THE VOLUME CONTAINS PAPERS BY J L MACKIE, JON DORLING, ELIE ZAHAR, LAWRENCE SKLAR, RICHARD Swinburne, Richard A HEALEY, W H NEWTON-SMITH, NANCY CARTWRIGHT, JEREMY BUTTERFIELD, MICHAEL REDHEAD AND PETER GIBBONS. THEY CONCERN THE IMPLICATIONS FOR OUR UNDERSTANDING OF SPACE, TIME AND CAUSATION OF THE DEVELOPMENTS OF MODERN PHYSICS AND ESPECIALLY OF RELATIVITY THEORY AND QUANTUM THEORY.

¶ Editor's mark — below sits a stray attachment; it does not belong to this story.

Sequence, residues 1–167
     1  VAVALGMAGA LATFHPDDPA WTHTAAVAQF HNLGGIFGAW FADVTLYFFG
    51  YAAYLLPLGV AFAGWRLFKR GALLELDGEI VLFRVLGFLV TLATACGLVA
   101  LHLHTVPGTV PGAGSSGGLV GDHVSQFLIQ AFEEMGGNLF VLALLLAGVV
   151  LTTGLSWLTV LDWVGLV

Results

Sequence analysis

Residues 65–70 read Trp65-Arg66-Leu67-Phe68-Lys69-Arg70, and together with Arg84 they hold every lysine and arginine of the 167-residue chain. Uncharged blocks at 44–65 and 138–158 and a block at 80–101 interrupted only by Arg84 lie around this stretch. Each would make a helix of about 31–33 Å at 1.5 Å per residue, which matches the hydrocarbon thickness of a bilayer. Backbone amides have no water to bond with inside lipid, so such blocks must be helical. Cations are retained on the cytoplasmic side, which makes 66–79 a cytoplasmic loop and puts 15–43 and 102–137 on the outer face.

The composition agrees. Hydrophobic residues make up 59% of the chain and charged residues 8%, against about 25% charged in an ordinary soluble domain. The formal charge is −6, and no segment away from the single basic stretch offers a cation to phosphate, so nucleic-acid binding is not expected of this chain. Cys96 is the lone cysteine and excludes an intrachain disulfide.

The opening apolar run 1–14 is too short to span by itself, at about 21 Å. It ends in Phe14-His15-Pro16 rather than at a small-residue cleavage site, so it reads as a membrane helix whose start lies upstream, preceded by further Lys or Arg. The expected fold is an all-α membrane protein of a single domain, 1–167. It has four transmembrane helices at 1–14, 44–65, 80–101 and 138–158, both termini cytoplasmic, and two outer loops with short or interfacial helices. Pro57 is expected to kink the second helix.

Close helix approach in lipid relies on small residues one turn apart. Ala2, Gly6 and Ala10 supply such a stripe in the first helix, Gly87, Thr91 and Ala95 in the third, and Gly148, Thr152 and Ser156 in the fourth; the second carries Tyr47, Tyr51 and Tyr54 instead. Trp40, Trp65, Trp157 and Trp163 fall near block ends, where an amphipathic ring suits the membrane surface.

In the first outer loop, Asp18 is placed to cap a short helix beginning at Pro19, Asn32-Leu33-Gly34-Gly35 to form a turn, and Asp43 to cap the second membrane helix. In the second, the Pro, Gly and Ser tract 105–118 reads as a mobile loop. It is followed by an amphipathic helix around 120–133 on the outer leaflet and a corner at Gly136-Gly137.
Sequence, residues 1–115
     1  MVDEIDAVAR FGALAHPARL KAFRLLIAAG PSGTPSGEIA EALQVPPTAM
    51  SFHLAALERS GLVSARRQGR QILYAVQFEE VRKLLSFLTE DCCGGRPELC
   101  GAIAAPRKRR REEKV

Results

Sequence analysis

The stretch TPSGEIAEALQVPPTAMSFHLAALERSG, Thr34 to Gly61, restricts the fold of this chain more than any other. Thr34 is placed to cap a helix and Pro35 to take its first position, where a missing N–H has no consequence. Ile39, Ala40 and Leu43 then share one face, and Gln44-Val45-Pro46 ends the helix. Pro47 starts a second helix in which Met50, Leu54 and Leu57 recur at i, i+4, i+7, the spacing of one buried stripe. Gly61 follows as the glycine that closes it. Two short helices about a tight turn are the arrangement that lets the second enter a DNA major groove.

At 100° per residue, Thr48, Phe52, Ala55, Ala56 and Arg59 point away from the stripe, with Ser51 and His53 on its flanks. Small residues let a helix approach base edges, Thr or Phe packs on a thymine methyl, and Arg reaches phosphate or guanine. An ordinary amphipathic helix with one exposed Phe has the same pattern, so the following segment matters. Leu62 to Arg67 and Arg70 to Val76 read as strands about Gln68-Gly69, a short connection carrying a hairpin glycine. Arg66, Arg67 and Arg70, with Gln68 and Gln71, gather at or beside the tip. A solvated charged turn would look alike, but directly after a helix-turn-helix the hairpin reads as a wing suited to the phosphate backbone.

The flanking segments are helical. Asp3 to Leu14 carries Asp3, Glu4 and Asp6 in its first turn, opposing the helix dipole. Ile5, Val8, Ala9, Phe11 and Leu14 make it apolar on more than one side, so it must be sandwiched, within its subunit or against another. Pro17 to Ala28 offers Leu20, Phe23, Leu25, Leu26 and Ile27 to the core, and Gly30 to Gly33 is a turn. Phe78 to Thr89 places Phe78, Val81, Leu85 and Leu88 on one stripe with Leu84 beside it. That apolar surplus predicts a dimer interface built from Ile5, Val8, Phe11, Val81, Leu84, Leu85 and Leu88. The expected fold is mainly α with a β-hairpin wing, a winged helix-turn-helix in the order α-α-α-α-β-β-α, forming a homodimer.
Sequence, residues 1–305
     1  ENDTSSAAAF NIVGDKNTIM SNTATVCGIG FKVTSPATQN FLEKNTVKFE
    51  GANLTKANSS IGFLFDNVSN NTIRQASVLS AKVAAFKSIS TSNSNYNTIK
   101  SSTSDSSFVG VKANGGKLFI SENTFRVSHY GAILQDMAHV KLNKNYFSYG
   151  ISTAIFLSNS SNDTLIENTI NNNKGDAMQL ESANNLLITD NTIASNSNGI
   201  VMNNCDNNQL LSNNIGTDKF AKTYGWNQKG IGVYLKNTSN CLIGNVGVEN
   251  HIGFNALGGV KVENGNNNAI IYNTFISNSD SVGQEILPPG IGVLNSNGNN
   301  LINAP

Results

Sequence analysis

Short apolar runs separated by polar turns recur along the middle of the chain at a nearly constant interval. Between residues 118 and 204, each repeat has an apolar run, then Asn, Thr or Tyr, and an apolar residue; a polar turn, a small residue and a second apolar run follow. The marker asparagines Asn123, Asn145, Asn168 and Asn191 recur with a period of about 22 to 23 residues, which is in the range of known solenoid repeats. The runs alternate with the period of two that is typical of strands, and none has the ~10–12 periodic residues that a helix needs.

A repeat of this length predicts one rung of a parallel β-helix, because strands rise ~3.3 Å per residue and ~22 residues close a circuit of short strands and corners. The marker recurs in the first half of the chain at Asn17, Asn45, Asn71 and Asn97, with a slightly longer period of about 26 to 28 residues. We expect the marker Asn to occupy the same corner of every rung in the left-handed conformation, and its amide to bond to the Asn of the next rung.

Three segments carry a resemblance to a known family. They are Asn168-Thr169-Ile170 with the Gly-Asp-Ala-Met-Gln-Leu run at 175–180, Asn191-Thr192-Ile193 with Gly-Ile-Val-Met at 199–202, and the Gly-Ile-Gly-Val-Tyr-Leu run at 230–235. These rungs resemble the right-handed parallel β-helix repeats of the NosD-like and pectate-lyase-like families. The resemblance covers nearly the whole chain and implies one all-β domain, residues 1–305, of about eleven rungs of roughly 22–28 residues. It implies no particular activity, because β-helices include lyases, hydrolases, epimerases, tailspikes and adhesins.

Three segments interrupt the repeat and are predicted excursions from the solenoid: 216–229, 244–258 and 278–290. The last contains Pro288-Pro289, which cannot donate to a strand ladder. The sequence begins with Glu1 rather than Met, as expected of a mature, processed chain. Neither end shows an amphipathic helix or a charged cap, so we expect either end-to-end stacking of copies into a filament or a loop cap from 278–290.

A is for Alice and astronomers arguing about acceleration -- B is for Bernard's body-exchange machine -- C is for the Catholic cannibal -- D is for Maxwell's demon -- E is for evolution (and an embarrassing problem with it) -- F is for the forms lost forever to the prisoners of the cave -- G is for Galileo's gravitational balls -- H is for Hume's shades -- I is for the identity of indiscernibles -- J is for Henri Poincaré (...) and alternative geometries -- K is for the Kritik and Kant's kind of thought experiments -- L is for Lucretius' spear -- M is for Mach's motionless chain -- N is for Newton's bucket -- O is for Olbers' paradox -- P is for Parfit's person -- Q is for the questions raised by thought experiments quotidiennes -- R is for the rule-ruled room -- S is for Salvatius' ship, sailing along its own space-time line -- T is for the time-travelling twins -- U is for the universe, and Einstein's attempts to understand it -- V is for the vexed case of the violinist -- W is for Wittgenstein's beetle -- X is for xenophanes and thinking by examples -- Y is for counterfactuals and a backwards approach to history -- Z is for Zeno and the mysteries of infinity. (shrink)